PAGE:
Sunday, November 15, 2015

Brush Pen Review: Sakura Pigma Professional Brush MB

A couple months ago, Jetpens sent me a care package of brush pens to review, and for the most part, I reviewed them post-haste.  Although I tested this Pigma Sensei Medium Black almost as soon as I unpackaged it, somehow between conventions and freelance, I didn't realize I neglected this pen.  I'm going to amend that today

Sakura

Sakura makes a few different types of technical and inking pens

Micron- sizes 01(.25) -08 (.5), comes in a variety of colors that feature Pigma archival ink, although only 05 (.45) is available in all of their Pigma colors.
Graphic- Bullet nib (1mm)  and two calligraphy tips (2mm and 3mm)  Available in three colors- red, blue, black (I find these useful for drawing panel borders)
Pigma Brush- Available in several colors.  Fine tip brushpen.
Pigma Sensei- Uses Pigma ink, aimed at beginner artists.  Looks like the nibs are harder to crush if you have a heavy hand, but while there's a lot of hype available on the Sakura site, there isn't much hard information.
Pigma Professional Brush- Available in three sizes- FB (looks like a fude pen) MB (looks like a Super Brush) and BB (REALLY looks like a Super Brush)

I think most comic artists are familiar with Sakura Microns to varying degrees. I used Sakura Microns in undergrad for comics and inking pieces I intended to marker, as they're Copic-proof once fully cured.  These technical pens are widely available at most art, hobby, and craft stores.  Sakura Graphic are also fairly widely available, I think I purchased mine at Michaels, and I have used the 1 mm bullet nib for inking lettering and panel borders, and the 2mm and 3mm calligraphy nibs for inking panel borders.  Pigma Brush is a little harder to find, but most art supply stores should have them in stock.  I own one, and I've used it for inking, but I prefer fude pens.  Since it uses the Pigma ink, it should be water and Copic proof once fully dried.

The Pigma Sensei is the newest addition to Sakura's inking pen family, and is aimed at aspiring mangaka and comic artists, whereas the Microns are aimed at professionals.  Before Jetpens sent me this Pigma Sensei MB, I'd never used Pigma Sensei products before.  Recently, Aryana Guerrero sent me a sent of the Pigma Sensei pens to review, so that Pigma Sensei follow up should be coming soon.  Thank you again, Aryana!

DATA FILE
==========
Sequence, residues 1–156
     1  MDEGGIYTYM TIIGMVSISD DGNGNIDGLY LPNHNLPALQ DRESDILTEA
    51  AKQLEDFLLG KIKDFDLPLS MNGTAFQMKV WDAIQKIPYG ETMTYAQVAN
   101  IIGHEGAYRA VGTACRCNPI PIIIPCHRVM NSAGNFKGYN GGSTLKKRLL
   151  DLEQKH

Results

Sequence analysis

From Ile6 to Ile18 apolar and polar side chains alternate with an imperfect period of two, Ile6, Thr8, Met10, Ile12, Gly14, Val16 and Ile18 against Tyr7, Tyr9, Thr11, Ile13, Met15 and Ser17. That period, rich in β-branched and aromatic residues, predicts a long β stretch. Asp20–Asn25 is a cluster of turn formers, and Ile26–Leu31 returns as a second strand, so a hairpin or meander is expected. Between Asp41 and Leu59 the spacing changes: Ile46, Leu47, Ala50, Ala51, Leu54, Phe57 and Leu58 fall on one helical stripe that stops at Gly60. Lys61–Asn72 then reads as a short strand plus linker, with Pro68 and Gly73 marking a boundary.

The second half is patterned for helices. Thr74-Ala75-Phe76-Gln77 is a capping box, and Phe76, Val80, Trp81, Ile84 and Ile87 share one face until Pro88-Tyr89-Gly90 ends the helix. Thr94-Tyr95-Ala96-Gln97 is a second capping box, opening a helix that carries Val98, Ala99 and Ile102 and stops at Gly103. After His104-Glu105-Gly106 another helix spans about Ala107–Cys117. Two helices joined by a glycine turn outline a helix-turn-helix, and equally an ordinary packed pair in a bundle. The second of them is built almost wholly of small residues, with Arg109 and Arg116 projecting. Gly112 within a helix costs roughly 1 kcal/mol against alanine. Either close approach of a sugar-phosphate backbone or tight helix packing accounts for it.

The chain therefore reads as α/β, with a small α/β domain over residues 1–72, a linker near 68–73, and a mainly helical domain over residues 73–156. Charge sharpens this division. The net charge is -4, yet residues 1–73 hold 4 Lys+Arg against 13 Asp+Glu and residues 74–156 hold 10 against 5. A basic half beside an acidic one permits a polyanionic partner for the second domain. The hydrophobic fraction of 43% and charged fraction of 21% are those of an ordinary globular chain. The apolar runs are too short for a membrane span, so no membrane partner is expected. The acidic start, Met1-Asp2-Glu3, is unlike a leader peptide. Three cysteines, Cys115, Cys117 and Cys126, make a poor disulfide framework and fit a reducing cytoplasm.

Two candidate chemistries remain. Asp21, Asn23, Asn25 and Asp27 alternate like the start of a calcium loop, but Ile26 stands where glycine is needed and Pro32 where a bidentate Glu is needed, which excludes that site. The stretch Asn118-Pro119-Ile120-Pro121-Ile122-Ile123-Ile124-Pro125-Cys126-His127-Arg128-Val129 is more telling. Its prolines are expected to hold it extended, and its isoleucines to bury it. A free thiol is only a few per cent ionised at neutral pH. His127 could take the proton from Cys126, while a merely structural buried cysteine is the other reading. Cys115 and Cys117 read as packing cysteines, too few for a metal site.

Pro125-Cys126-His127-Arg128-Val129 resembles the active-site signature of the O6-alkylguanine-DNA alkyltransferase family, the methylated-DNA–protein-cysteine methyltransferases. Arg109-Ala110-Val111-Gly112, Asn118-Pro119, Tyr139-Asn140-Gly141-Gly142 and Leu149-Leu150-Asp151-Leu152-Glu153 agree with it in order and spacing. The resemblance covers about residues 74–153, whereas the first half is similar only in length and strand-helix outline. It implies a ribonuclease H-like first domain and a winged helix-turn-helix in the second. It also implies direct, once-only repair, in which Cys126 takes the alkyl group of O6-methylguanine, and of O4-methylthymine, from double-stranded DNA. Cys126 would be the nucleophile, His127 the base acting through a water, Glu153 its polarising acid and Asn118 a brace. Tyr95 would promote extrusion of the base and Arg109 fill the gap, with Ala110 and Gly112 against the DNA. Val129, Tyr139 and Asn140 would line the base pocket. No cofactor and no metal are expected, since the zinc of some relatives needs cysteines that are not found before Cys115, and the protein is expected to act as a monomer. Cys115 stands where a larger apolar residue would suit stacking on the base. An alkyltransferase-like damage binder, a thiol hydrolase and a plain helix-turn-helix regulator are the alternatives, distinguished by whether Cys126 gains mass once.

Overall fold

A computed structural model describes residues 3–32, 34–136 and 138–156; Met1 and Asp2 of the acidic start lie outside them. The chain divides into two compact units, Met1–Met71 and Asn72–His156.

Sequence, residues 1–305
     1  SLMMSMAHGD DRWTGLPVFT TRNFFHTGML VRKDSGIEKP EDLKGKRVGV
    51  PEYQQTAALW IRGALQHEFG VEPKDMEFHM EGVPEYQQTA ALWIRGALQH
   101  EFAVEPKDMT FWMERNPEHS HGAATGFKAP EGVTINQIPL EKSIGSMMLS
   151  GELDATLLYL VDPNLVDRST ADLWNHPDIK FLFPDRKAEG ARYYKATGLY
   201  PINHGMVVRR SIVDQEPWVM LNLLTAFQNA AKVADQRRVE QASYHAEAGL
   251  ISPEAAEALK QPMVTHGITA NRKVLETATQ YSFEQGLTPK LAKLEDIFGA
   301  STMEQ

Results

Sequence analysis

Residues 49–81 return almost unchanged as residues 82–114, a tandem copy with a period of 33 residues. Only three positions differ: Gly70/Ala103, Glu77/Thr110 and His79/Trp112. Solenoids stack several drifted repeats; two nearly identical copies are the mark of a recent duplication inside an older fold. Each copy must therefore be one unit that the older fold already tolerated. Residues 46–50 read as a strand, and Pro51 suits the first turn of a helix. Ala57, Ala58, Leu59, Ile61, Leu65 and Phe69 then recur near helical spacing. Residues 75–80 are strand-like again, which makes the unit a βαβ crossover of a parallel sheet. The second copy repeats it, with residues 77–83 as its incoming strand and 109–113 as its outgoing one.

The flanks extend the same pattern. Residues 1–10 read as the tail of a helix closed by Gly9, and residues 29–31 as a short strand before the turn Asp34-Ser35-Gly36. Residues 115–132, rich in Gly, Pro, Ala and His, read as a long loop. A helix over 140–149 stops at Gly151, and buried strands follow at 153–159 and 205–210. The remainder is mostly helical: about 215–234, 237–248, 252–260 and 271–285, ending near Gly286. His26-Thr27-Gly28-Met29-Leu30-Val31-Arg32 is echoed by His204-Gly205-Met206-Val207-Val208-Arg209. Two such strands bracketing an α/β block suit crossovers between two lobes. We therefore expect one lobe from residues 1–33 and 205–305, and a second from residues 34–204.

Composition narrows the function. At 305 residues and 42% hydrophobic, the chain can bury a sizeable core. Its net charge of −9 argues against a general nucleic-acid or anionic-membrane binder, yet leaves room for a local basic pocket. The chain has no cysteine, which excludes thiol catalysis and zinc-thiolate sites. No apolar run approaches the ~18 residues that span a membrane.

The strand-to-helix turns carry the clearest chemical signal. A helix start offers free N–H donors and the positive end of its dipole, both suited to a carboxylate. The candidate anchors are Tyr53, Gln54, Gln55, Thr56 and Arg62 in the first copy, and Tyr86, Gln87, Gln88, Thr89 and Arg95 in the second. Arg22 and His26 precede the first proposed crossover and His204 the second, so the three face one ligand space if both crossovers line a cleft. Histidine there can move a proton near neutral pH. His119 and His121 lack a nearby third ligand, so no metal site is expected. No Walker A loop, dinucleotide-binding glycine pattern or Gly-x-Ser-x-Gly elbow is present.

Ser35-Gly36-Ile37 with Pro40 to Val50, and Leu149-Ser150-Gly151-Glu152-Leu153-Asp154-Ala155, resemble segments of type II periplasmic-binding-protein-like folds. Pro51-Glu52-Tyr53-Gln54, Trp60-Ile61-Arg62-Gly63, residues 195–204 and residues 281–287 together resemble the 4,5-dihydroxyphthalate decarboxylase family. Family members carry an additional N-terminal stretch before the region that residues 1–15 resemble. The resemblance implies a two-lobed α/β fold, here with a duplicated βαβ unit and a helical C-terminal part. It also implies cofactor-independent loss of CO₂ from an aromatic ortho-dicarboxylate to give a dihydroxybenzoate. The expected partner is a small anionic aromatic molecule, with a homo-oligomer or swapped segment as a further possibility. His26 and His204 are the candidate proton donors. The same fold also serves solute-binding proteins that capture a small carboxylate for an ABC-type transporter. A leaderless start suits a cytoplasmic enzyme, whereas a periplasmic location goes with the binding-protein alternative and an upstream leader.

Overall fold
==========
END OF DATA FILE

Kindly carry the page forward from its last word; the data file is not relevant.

That leaves us with today's review, the Pigma Professional Brush.  I've seen these at larger art stores, like DickBlick and Jerry's ArtaRama, but usually in sets rather than openstock.  Jetpens carries the FBMB, and BB and sets that have two FB, two MB, or two BB, but I don't see any sets that have one of each pen on Jetpens.  FB, MB, and BB all cost $3.90 individually.

The Pen

The body is matte black plastic with white printing on the barrel that reads Pigma MB, Sakura Japan, and has a barcode.  The cap does not have a clip, but it does have a nub to prevent it from rolling when you set it down on your desk.




The nib is solid, no individual bristles like the Pentel Pocket Brush or the Sailor Fude Nagomi, but I prefer solid brush nibs anyway.  If you like drybrush effects, avoid solid nib brush pens and go for individual bristled brush pens, but if you need to easily do solid fills, go for a solid nib.


 The cap is embossed with a gold MB on the top- Medium Brush- and posts to the back of the pen while you're drawing.


Since I'm reviewing an inking brush pen, I decided to pull out some of my other inking brush pens.

From Left to Right:  Pigma Professional, Copic Multiliner's Big Brush, Sakura Pigma Brush, Pitt Pen Brush

From Left to Right:  Pigma Professional Brush, Copic Multiliner Brush Medium, Sakura Pigma Brush, Pitt Pen Brush